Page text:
The Abergavenny Food Festival Part 2: The Producers #AFF2017

 

 

PrintAs I mentioned in my earlier post, the stars of Abergavenny Food Festival are without doubt the producers. Whether nestling between the little booths or creating fine displays in the prestigious Market Hall,  the producers have an infallible passion for food and drink which is infectious and wonderful. Most are happy to chat and I unreservedly apologise, to those who are behind me in queues, for holding them up. I am a questioner; I want to know about the product, the sourcing, origin and inspiration. I’ve been privy to some wonderful tales from lost family recipe books, to accidental discoveries, to lifelong ambition; as well as meeting those farmers whose forebears have farmed for generations through difficult times; inherently believing in their crop or herd – families for whom the ‘organic’ and ‘buy local’ campaigns are finally paying off.

 

 

IMG_7331I love that there is always something new to be learnt. Food is an ever evolving subject and the little  things gleaned at such festivals can often form the basis for longer articles, recipes or books. I do feel a little guilty though, because were I to buy from every stall I taste (and enjoy) I would be empty of pocket and overly full of larder; however that is not to say that I can’t take my new found knowledge and share the products at a later date and so many companies offer internet shops or mail order these days. I always rather fantasised about those great hampers ordered from Fortnum and Mason and arriving in the Highlands, at grand houses, after spending the night as freight on those wonderful steam trains – I suppose I seek nostalgia – and having seen the creative thought which goes into much of the artisanal packaging these days I feel a return to these glory days are on the horizon, and it warms my heart!

I also get great pleasure from passing a stall with a hand-drawn ‘Sold Out, see you next year’ sign; whilst it is obviously a great accolade for the producer (who are no doubt cursing themselves for not having made enough, even though many were working on very little sleep and far too much coffee in the weeks leading up to the festival) it also demonstrates a belief in future success.

The diverse and  rich varieties of food and drink related produce to be found at festivals are a testament to the British public’s return to real, local and artisanal foods, whether it be sauces, whose recipes come from as far away as Borneo wth Sorai; delicately flavoured gin with autumnal botanicals from Sibling Distillery or a jar of Forage Fine Foods herb rub bursting with the smells and tastes of a summer meadow, there is a story and a demand – rubbed into a leg of Welsh lamb and then slowly roasted, the herb rub is absolutely exquisite.

As I wander through the markets the smells which waft about are all too tempting; from the jars of Joe and Seph’s Willy Wonkaesque popcorn, to the elegant displays of cakes, pasties, real breads and finely sliced charcuterie. The cheese market is difficult to pass through without adding at least another four cheeses to my already overladen refrigerator. This years haul, (chick in tow, who is possibly even more of a cheese lover than me) added mature yet smooth unpasteurised cheddar from Batch Farm; IMG_7492award winning firm Somerset goat’s cheese, creamy and surprisingly mild, and charmingly named ‘Rachel’ from White Lake Cheese ; the Bath Soft Cheese Company’s Wyfe of Bath, an organic Gouda inspired cheese (although there was much debate over whether to also buy their rather marvellous Bath Blue); and  finally a donation to Macmillan (sponsors M & S’ chosen charity) secured us two packets of classic soft and milky Abergavenny goat’s cheese, a fitting final choice given the location. Soft goat’s cheese is something I always have in the refrigerator, it’s my go-to topping for oatcakes, toasted sourdough or even to add  a surprising savoury lift to cheese cake.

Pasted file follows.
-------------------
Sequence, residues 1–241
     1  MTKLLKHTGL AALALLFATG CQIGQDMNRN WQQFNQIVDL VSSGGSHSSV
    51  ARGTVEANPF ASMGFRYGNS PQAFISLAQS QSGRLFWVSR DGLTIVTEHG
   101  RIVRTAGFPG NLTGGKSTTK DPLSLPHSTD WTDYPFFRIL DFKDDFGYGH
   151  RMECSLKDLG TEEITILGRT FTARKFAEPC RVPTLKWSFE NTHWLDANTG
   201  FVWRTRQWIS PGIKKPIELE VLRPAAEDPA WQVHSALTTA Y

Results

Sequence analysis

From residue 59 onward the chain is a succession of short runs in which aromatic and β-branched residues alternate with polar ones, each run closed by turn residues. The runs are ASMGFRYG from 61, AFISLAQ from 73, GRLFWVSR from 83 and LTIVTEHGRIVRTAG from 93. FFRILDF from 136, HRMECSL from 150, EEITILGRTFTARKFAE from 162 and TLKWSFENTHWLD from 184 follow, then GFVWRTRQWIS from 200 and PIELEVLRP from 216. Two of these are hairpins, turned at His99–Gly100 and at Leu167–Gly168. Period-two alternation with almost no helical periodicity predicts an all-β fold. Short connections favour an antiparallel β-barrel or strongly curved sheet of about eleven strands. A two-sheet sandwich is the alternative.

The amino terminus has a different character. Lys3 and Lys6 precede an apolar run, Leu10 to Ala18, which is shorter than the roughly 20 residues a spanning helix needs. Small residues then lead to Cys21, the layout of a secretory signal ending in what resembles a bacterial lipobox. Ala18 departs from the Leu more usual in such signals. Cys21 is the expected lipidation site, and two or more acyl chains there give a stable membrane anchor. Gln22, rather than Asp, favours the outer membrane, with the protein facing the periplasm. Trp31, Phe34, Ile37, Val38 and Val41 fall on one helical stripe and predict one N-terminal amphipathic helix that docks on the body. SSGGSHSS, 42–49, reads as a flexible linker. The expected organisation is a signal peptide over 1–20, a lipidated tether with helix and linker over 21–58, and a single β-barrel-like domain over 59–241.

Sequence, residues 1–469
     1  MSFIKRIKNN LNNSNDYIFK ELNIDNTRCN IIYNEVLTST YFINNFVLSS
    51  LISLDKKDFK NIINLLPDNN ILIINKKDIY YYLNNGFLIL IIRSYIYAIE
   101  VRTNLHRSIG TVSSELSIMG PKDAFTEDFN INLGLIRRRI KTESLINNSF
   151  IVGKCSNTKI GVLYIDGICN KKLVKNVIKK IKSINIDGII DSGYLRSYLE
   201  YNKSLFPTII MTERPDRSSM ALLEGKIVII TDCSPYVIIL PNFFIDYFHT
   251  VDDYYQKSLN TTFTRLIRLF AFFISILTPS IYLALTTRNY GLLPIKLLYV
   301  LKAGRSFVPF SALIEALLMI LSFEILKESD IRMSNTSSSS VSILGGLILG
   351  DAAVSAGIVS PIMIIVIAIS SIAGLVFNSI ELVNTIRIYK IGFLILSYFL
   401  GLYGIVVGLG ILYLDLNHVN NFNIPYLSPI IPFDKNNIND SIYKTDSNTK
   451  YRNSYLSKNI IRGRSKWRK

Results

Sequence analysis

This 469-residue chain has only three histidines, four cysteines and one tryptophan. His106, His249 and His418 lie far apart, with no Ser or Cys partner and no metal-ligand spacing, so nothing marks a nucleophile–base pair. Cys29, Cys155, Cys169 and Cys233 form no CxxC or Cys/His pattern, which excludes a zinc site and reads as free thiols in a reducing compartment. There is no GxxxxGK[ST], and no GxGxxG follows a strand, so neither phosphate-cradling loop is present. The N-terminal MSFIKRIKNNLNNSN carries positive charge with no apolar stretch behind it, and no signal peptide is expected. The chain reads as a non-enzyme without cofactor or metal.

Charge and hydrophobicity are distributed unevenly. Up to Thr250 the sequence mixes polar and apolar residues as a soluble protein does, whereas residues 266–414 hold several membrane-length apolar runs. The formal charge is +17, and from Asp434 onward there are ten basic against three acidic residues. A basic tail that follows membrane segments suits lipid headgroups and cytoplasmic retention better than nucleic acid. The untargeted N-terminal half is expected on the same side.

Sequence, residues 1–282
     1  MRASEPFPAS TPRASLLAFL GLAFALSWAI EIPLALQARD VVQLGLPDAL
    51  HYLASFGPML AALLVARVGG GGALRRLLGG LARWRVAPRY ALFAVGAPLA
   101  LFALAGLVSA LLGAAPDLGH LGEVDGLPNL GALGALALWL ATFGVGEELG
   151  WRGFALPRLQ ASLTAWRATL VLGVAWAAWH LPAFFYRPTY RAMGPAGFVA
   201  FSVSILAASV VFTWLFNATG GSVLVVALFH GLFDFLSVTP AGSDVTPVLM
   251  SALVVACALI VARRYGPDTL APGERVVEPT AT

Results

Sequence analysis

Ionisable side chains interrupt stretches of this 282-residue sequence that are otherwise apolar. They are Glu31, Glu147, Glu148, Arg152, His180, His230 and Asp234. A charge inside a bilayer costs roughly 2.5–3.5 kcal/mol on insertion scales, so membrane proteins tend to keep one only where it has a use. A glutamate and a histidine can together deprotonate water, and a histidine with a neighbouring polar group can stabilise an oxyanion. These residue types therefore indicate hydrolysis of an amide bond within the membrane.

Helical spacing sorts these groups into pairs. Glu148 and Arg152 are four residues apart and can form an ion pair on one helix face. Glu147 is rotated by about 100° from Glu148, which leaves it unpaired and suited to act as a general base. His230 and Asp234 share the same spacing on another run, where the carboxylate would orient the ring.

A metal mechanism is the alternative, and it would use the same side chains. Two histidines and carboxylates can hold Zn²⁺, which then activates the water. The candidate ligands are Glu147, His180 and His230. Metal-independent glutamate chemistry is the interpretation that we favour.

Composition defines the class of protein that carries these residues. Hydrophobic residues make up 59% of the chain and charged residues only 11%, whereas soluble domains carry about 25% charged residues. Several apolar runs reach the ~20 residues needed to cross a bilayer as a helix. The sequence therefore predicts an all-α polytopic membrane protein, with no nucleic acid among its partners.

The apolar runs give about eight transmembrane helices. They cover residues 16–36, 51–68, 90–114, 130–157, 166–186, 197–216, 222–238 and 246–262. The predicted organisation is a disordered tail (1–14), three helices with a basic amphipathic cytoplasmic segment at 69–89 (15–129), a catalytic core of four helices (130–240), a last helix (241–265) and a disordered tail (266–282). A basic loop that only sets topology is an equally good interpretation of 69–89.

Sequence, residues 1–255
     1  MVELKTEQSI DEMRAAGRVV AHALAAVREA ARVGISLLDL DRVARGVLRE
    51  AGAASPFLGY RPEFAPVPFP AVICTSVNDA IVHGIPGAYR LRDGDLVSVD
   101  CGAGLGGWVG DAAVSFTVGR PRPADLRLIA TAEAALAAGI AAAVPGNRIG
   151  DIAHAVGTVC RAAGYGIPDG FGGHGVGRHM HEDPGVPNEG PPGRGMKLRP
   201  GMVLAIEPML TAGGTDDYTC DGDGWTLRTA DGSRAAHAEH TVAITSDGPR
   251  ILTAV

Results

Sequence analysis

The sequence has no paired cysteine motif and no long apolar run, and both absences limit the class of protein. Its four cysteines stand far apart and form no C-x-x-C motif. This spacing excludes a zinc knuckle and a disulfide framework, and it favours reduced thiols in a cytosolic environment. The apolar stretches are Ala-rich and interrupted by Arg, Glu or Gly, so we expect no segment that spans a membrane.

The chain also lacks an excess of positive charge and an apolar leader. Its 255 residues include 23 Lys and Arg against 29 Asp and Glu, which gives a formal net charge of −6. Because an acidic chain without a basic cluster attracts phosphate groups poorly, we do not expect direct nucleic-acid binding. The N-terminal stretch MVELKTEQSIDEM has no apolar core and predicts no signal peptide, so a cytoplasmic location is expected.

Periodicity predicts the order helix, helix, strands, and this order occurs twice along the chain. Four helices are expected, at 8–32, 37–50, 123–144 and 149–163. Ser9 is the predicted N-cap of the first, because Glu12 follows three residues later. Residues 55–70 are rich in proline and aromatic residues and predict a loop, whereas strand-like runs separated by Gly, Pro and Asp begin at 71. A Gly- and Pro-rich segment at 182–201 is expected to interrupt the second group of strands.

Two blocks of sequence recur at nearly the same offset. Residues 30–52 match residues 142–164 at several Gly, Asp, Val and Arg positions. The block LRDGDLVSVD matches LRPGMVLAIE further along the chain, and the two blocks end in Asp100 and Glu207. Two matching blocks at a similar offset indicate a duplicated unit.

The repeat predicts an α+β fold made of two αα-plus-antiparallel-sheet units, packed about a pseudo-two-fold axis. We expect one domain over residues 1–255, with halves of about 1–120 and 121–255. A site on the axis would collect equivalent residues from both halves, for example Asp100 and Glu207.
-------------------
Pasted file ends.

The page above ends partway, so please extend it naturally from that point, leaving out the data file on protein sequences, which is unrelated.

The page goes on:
The street food stalls at Abergavenny do encourage gluttony, however when you’re presented with everything from Taiwanese Bao Buns to the South West’s (and that’s Bristol not the U S of A, whatever image the logo may inspire) now legendary The Pickled Brisket and their outstanding salt-beef stuffed brioche rolls; chocolate dipped authentic Churros or The Guardian’s 2017 number one choice for Pizza, our own Cardiff based  The Dusty Knuckle Pizza Company.  There was hog roast, Aberaeron honey ice-cream, Legges of Bromyard’s traditional British pies, Welsh venison and even Ghanaian street food – you could have easily taken all your main meals for a fortnight and still not covered everything. Abergavenny Food Festival champions all good food, yes a lot of it is classically British, but also a lot of it stems from other cultures; many of these chefs and producers, although British born and bred, have carried with them a great passion for their ancestral cuisine and it’s rather lucky for us, that they have. DSCN0635

I could quite easily write a whole book about just one year’s festival in Abergavenny, there is so much to see and do and taste; but alas, I am forced to be content with rifling through my collection of cards, leaflets and recipes until I can match taste to name and put in my online orders. I have also been know to drive Mr D rather mad on weekend breaks when I’ve insisted on searching the lanes of some rural county (inevitably without a sat-nav signal) for a farm shop selling something of which I only half remember the name, but found absolutely delicious at Abergavenny.

Of course, I obviously am looking forward to next year’s 20th anniversary celebration but may well have to consider some sort of abstemious routine in the early days of September!